Mercator K55K – Made in Solingen, Germany by Mercator and available in stainless or in carbon steel, this ultra-thin lockback has a blade length of 3.5 inches. The folded steel handle is just 0.25 inches in thickness, not counting rivets, and 4.3 inches in length when closed. It features a very good lock, and is a sturdy little knife in spite of its slim profile. It weighs just 2.7 ounces. A new version of this knife is now available with a pocket clip.

Victorinox Classic – This is the smallest Swiss Army knife that is readily available and easy to find. It offers a small main blade, scissors, a nail file with screwdriver tip, a toothpick, tweezers, and a ring for a lanyard. Its length is 2.3 inches closed and about 0.35 inches thick. It weighs 0.7 ounces. This is my recommended choice, because of its small size and because the tools add a lot of capabilities. For the record, I usually carry a smallish pocket fixed blade, or a heavy-duty folder, like the Falcon framelock, by John Greco. Therefore, the little Classic gives me a thin blade for fine tasks, plus some very useful tools.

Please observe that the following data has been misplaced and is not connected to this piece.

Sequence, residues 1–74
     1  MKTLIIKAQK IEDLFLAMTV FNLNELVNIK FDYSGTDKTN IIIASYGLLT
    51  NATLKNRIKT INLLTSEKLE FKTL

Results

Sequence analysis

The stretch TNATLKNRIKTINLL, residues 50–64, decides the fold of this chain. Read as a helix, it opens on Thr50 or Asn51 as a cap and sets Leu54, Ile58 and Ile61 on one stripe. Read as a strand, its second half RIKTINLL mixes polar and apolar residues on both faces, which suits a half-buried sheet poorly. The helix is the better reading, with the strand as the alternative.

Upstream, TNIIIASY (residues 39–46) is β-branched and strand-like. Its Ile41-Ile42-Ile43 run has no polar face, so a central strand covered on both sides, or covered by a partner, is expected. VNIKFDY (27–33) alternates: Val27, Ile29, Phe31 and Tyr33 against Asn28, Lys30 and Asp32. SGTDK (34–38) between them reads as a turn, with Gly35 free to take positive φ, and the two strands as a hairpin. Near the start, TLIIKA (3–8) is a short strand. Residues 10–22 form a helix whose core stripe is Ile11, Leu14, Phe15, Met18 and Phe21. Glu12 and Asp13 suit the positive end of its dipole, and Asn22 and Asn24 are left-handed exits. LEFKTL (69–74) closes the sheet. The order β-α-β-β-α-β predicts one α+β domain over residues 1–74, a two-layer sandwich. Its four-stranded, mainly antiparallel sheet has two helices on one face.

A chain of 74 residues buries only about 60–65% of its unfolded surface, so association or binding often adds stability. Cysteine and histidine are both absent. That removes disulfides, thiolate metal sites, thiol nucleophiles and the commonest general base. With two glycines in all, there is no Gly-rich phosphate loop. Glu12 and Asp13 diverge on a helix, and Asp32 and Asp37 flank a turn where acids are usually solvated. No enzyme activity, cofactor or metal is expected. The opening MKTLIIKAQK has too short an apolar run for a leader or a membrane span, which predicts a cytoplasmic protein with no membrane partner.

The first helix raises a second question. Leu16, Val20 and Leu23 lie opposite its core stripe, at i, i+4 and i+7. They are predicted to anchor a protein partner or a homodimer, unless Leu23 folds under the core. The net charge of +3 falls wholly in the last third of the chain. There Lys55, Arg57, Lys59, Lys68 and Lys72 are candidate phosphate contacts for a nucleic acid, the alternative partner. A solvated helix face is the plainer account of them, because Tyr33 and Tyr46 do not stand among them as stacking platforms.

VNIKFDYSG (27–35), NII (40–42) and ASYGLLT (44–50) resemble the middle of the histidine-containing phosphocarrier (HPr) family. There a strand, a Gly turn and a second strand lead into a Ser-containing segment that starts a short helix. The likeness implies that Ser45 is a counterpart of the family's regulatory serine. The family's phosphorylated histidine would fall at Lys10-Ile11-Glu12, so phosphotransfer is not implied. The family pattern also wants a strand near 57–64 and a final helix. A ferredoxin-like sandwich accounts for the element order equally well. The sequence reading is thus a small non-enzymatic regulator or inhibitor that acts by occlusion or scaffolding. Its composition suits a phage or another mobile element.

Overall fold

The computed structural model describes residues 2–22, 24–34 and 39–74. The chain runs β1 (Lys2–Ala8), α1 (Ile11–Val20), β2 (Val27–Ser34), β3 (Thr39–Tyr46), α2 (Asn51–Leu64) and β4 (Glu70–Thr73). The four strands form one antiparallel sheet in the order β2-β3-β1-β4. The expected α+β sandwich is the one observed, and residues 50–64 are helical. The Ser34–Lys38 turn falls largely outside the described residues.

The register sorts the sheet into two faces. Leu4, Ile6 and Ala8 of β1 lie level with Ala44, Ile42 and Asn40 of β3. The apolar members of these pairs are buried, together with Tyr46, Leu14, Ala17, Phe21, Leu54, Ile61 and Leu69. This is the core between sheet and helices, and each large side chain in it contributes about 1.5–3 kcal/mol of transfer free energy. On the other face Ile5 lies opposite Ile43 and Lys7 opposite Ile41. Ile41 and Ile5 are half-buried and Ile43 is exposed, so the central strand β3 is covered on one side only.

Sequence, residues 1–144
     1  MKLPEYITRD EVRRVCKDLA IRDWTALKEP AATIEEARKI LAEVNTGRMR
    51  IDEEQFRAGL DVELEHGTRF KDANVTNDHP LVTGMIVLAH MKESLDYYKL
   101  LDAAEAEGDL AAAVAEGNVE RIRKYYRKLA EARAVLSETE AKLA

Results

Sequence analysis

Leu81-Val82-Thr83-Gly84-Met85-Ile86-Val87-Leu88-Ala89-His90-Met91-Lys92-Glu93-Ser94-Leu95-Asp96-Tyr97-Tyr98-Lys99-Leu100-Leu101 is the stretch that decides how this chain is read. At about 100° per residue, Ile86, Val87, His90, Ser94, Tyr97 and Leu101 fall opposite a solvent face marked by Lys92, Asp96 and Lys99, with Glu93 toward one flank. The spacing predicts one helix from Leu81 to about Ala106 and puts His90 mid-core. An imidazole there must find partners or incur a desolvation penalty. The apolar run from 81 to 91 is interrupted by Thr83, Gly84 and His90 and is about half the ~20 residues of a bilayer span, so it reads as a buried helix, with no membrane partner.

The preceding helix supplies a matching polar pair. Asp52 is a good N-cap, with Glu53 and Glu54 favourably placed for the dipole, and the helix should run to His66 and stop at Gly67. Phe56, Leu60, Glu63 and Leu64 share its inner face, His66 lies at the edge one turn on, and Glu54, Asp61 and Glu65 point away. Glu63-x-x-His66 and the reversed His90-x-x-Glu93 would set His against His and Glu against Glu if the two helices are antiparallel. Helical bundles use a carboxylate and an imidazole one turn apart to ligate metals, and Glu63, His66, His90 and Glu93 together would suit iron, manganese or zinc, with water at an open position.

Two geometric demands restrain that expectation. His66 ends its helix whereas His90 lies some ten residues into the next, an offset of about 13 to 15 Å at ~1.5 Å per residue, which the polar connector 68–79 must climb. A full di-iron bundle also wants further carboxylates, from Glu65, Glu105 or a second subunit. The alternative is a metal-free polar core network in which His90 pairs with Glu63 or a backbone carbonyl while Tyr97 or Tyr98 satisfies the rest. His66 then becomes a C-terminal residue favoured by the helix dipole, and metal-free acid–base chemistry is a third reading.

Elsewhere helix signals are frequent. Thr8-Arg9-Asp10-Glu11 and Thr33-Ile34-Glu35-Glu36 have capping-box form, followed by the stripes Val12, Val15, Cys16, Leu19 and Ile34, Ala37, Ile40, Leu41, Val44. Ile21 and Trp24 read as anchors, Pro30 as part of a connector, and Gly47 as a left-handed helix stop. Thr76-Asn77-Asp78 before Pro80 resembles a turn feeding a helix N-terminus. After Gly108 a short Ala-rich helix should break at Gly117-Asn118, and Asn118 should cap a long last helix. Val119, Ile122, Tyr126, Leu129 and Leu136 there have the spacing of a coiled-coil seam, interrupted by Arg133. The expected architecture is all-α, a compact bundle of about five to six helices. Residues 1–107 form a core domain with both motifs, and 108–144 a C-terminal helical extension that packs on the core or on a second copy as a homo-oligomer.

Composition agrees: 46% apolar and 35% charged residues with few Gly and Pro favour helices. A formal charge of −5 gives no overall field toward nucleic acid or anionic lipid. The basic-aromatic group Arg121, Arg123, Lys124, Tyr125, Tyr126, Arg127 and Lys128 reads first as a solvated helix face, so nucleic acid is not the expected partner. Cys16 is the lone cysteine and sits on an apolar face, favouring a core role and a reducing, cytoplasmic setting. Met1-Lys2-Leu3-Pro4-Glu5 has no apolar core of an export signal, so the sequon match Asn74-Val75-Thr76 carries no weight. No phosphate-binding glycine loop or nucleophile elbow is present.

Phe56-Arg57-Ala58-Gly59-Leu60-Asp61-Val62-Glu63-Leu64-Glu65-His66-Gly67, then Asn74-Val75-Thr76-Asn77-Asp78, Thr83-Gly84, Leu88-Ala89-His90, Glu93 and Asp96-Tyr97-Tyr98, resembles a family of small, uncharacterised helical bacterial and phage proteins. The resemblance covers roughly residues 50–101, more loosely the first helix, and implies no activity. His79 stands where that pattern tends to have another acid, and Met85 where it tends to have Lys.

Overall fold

For example, the tiny tweezers that are included with the Victorinox Classic can open locked handcuffs, as I have demonstrated to friends. I open up the tweezers like a wishbone (destroying them in the process) and use one half as a shim. Most handcuffs have “teeth” on the part that closes. The teeth engage a spring-loaded pawl inside the lock. I slide the tweezer half between the teeth and the pawl and open the cuffs. This only works if the cuffs are not “double-locked.”

Swiss+Tech Utility Key – One of the tiniest “multitools” available, this little gem combines a knife blade, bottle opener, and screwdrivers into a very small tool that weighs only 0.4 ounces. The Utility Key, when closed, is the size and shape of a key and can lock onto a key ring.